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Build and expand your repair service empire in this incredibly detailed and highly realistic simulation game, where attention to car detail is astonishing. Find classic, unique cars in the new Barn Find module and Junkyard module. You can even add your self-made car in the Car Editor.
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"R4 has to be the best-looking PlayStation racer ever (yes, edging out even Gran Turismo)." – Official PlayStation Magazine, December 1998
* 8 tracks, 45 unique car models, and over 300 different car variations.
* Sensational graphics and lighting effects give every race a cinematic feel.
* Battle head-to-head in the 2-player, split screen VS mode.
* Experience all the ups and downs of a full racing season with your team in the Grand Prix Mode.
* New cars awarded based on your performance in every race.
* Design original logos to customize your car.
Wreckfest (previously known by its working title Next Car Game and currently listed on Steam as Next Car Game: Wreckfest) is a racing video game in development by Bugbear Entertainment, creators of the well-known demolition derby-style racing series FlatOut. Wreckfest is described as the spiritual successor to the FlatOut series and a cross between FlatOut, Destruction Derby and cult 1989 PC racer Street Rod.
A notable feature of the game engine is the use of soft-body damage modelling, which enables location-based damage that affects the driving dynamics of vehicles in a realistic fashion.
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In the year 2210, racing has evolved far beyond its expected limits. New terraforming capabilities paired with scientific breakthroughs in the field of antigravity have given birth to a new spectacle: the Antigraviator tournament. In Antigraviator, players will race on exquisitely detailed stages, full of light-speed danger, chaos and mayhem. Gamers will guide their Grav in three gameplay modes across four different worlds with three tracks each. These dynamic courses come to life, while pushing the power of Unity to the limit.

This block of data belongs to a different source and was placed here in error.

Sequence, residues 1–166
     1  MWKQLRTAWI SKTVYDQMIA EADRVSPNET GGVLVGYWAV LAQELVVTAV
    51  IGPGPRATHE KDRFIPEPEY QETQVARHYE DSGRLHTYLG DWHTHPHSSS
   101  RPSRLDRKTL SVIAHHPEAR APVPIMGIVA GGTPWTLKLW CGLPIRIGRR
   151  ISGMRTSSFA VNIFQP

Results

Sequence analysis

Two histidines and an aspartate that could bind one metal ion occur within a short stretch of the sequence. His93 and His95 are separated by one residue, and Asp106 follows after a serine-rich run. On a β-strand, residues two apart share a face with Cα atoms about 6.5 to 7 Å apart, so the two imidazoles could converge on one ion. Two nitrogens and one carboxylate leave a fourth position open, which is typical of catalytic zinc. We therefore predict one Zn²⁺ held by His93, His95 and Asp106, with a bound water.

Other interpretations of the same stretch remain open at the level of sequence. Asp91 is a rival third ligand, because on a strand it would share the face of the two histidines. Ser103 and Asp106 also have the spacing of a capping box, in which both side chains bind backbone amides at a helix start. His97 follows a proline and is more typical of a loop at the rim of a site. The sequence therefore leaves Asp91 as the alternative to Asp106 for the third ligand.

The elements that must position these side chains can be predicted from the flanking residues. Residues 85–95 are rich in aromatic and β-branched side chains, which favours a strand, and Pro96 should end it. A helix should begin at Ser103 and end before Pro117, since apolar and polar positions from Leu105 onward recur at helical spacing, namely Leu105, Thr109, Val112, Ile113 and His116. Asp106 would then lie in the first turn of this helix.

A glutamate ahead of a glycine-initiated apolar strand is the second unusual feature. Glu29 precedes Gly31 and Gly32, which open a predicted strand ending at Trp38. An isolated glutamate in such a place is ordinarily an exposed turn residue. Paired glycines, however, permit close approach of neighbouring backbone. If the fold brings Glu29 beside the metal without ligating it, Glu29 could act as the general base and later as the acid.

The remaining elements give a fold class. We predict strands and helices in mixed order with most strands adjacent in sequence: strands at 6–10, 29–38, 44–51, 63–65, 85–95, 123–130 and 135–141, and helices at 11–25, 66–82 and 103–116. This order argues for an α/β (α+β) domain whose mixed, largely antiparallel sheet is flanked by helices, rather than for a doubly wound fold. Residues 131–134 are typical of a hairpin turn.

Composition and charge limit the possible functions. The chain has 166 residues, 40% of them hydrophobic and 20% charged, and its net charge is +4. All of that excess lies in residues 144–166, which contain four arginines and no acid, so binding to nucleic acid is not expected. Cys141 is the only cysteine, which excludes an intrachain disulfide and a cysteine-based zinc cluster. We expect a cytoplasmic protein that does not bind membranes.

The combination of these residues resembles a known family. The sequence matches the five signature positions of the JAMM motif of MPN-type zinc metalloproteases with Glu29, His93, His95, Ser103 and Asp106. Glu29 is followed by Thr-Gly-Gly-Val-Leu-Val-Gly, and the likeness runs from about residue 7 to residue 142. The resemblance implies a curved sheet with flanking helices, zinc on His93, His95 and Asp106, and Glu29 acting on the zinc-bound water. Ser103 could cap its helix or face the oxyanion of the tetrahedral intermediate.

Players can challenge their friends in the fiercely competitive multiplayer modes, either online or in split-screen mode. Race yourself to the top of the worldwide leaderboard and earn special ranked skins.
Gamers can sabotage their fellow racers by activating hover mines, damaging the environment to create a rockslide, causing tunnels to collapse, firing missiles from rocket launchers along the track and many more fiendish tricks.
Gravs are customizable, but choose wisely: deciding on one upgrade may mean compromising on another. Strategically tailor-make Gravs to gain the upper hand in races or face the crushing prospect of defeat. In addition to the customization options, unlockable skins will be available free of charge.
In this futuristic high-octane racing game, defying gravity is the least of your concerns.
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Indianapolis 500: The Simulation is a 1989 computer game. It was hailed as the first step of differentiating racing games from the arcade realm and into racing simulation. It was developed by the Papyrus Design Group, consisting of David Kaemmer and Omar Khudari, and distributed by Electronic Arts. It first released for DOS and later for the Amiga in 1990.
Indianapolis 500: The Simulation attempts to be a full simulation of the Indianapolis 500 race, with 33 cars and appropriate Indy car "feel". While racing, it only offers a first-person perspective, but the game offers a replay mode as well. Indy 500 offers the ability to realistically set up the car, and any changes made to the car directly affect how it handles.
The field is represented as realistic and the qualifying order stays true to the 1989 Indianapolis 500 starting grid.
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1974 saw the release of Nishikado's Speed Race, an early black-and-white driving racing video game. The game's most important innovation was its introduction of scrolling graphics, where the sprites moved along a vertical scrolling overhead track, with the course width becoming wider or narrower as the player's car moves up the road, while the player races against other rival cars, more of which appear as the score increases. The faster the player's car drives, the more the score increases.
In contrast to the volume-control dials used for Pong machines at the time, Speed Race featured a realistic racing wheel controller, which included an accelerator, gear shift, speedometer, and tachometer. It could be played in either single-player or alternating two-player, where each player attempts to beat the other's score. The game also featured an early example of difficulty levels, giving players an option between "Beginner's race" and "Advanced player's race".